Every one of these tests could save you thousands of dollars. Because I mostly buy motorcycles in the $2-5K range, that’s a huge difference. Buying a used motorcycle is expensive enough already!
Before you even inspect, do preparation, and make sure the motorcycle is cold!
Before you even go, make sure they leave the engine cold for you to start it! And also while you have them on the phone, get a few questions answered.
Get the VIN and do a background check on it. Basic checks are free; you don’t have to pay, so don’t fall for those scams. Just find a service. You can also pay the DMV $2 for a full background check.
If you’re in another country, do the equivalent for that country. In Australia, do a PPSR search. It’s $2 online. It usually comes up clean, in my experience. (If the owner says they have a PPSR, that’s great, but still, pay the $2!)
Make sure you show up knowing exactly what you’re looking for. You know that it’s for example a 1998 Ducati Monster M900, that a Monster M900 was indeed made in that year and it was an M900 (so this isn’t some version with a different motor), and that it’s a clean title.
Getting something wrong, like not realising the motor is not original, or that the tachometer is a weird after-market part, can cost you a lot of time and money later.
Do your research on a model. Like if you’re buying an SV650, google “SV650 known issues” and then add them into your checklist.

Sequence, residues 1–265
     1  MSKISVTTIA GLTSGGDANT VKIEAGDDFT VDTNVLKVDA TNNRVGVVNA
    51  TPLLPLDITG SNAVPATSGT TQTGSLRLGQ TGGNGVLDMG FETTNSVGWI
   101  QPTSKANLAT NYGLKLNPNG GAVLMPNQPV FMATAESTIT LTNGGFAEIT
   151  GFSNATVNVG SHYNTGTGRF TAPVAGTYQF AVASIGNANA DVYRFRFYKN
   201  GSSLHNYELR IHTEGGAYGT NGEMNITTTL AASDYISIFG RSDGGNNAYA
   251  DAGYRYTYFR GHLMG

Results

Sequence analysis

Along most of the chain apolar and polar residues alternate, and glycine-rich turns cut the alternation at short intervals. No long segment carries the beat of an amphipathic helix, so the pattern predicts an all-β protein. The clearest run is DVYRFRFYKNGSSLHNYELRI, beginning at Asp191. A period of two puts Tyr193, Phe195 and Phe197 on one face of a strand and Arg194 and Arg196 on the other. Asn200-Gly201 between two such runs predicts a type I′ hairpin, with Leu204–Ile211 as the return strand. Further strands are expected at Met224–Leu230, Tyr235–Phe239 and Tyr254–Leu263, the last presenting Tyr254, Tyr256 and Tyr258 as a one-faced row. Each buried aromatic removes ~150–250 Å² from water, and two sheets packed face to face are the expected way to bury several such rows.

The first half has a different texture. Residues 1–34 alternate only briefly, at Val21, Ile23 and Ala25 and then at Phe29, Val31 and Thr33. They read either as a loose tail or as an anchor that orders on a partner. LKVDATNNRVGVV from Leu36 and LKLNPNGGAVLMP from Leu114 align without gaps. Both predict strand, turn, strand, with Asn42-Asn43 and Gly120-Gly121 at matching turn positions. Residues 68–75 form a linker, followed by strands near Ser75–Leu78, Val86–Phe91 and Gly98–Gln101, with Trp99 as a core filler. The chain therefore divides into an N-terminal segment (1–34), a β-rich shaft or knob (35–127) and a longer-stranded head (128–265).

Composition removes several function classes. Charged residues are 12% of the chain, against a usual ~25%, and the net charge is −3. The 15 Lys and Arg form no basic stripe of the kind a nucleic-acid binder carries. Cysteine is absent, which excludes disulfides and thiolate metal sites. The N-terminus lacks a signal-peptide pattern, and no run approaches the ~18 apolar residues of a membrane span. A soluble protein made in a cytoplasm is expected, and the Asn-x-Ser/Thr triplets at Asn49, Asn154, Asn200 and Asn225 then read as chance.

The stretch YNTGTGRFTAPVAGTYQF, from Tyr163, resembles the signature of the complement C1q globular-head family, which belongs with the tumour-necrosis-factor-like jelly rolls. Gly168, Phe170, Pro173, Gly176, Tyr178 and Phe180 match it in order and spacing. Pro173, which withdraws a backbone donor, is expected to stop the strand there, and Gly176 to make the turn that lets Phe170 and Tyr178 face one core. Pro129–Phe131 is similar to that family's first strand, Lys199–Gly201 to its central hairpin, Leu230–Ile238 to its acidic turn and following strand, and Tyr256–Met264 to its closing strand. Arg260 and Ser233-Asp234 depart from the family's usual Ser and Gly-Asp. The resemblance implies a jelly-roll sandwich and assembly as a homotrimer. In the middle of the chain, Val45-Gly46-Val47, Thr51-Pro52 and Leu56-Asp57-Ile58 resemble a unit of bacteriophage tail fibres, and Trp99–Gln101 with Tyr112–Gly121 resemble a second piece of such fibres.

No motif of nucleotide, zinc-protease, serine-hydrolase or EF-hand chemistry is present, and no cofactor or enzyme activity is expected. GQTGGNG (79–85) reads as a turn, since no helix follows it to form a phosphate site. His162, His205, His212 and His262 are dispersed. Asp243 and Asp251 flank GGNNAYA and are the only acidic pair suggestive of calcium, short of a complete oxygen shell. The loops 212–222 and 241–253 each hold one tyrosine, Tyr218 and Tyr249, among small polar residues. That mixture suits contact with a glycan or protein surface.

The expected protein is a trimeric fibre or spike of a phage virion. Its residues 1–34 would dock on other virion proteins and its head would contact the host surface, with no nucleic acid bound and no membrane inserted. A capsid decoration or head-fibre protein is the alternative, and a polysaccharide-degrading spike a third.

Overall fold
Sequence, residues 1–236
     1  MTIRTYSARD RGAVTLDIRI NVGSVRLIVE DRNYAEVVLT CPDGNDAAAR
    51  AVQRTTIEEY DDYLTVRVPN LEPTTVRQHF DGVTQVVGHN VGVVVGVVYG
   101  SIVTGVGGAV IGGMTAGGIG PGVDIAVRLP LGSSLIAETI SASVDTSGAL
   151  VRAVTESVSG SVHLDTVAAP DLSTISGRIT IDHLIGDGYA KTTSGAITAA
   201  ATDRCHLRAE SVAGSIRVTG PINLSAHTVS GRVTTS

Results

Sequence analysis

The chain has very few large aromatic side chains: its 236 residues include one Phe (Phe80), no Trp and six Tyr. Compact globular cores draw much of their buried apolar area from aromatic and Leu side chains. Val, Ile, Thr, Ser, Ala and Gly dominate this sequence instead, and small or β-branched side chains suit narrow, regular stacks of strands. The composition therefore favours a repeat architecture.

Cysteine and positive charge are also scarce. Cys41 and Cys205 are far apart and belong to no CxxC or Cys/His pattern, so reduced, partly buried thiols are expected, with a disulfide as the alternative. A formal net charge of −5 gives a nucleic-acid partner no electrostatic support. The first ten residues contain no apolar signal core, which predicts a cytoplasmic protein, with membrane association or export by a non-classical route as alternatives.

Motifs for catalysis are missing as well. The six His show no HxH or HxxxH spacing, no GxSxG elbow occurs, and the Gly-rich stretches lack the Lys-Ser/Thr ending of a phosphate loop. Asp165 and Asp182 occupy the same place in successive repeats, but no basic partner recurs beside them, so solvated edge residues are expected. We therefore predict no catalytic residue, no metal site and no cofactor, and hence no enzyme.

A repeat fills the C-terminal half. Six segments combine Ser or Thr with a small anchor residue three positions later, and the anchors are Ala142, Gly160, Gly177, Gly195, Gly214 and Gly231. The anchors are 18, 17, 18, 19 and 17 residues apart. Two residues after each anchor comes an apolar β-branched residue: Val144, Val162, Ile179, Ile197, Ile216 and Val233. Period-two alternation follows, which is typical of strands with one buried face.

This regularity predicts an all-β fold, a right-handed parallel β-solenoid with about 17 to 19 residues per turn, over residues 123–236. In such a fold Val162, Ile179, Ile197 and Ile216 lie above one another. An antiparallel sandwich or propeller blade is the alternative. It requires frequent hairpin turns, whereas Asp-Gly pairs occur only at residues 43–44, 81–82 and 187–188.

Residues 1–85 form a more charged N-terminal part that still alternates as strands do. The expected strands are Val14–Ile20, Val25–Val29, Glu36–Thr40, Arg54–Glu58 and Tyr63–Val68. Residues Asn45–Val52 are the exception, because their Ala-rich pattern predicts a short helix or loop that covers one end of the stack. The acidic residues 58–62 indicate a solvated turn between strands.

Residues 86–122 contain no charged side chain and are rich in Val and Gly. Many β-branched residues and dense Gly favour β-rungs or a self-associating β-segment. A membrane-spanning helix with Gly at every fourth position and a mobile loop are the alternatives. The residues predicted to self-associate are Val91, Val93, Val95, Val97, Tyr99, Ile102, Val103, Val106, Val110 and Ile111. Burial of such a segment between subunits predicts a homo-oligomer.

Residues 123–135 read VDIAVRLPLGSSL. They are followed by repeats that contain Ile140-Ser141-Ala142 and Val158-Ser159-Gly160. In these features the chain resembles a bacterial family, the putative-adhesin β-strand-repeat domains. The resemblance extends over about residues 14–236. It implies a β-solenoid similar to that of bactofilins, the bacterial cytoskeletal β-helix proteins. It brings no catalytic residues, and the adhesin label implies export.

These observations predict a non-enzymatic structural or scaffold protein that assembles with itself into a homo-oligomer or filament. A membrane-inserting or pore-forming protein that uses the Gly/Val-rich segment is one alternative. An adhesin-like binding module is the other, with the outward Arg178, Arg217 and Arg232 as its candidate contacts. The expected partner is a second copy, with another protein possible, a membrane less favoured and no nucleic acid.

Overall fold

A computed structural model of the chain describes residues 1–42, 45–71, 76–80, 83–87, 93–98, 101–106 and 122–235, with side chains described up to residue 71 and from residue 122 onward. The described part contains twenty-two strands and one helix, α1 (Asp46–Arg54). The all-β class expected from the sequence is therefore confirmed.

You need to know you won’t have to drop thousands of dollars in the near future on scheduled maintenance, or critical repairs.
First, make sure the VIN on the chassis matches the one on the paperwork/title document. If it doesn’t, walk away.
Second, make sure that it’s clean or salvage titled. This affects not just what you can do with the motorcycle, but how much you can sell it for. Anything but clean title is usually 30% less than the regular price.
Third, make sure the key works well. The barrel, and the fork lock, should both work fine and not look like they’ve been tampered with.
Fourth, do your best to avoid paying for immediate upcoming maintenance.
Find the manual for your motorcycle and check the repair schedule for major scheduled maintenance. If valves need to be inspected at 20,000 kilometres and it’s at 19,000, then you can budget that in. (Valve inspections/adjustments vary by model, but cost about $500.)
After you’ve finished your checks, make an estimate for repairs and put that in here. For example if you need new tyres, that’ll be about US$300 installed (or more or less, for a different motorcycle).
For example, I was once inspecting a salvage-title Triumph Scrambler (a motorcycle I love) with bent forks. I checked the replacement cost and it’d be around $3,000 + labour. Considering that (and other fees), it meant I could pay maximum $2,000 for the motorcycle.
Do a quick google for a buying guide for your motorcycle (hint: I put a few of these together!)
You’ll find out specific things like
- The regulator/rectifier on a lot of old Hondas (like Honda FireBlades) and Ducatis tends to go
- Kawasaki KLR650s need the “doohickey” modification done
- Hondas may have noisy cam-chain tensioners
- Triumphs can’t stand using aftermarket oil filters
Just interesting things like that. Check for them all!
Stuff it comes with
You don’t want to find out at the last minute that it only comes with one key. For me, that’s one key I’ll definitely lose!
Make a note of keys, spares, luggage and so on, and that it all works.
Something unusual is that a motorcycle with high miles is fine if it comes with evidence of being cared for, like if it comes with
- All the keys
- The shop manual
- A log book of repairs and receipts
- The toolkit that was under the seat
- Spare parts, like bulbs, belts and so on